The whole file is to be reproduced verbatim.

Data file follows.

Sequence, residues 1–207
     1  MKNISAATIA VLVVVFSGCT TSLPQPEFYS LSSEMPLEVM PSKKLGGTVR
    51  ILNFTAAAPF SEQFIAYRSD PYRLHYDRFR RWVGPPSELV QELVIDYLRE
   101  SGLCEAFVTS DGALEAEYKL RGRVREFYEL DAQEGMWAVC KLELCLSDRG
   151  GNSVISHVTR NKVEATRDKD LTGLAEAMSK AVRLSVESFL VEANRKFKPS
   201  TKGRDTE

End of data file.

Sequence, residues 1–207
     1  MKNISAATIA VLVVVFSGCT TSLPQPEFYS LSSEMPLEVM PSKKLGGTVR
    51  ILNFTAAAPF SEQFIAYRSD PYRLHYDRFR RWVGPPSELV QELVIDYLRE
   101  SGLCEAFVTS DGALEAEYKL RGRVREFYEL DAQEGMWAVC KLELCLSDRG
   151  GNSVISHVTR NKVEATRDKD LTGLAEAMSK AVRLSVESFL VEANRKFKPS
   201  TKGRDTE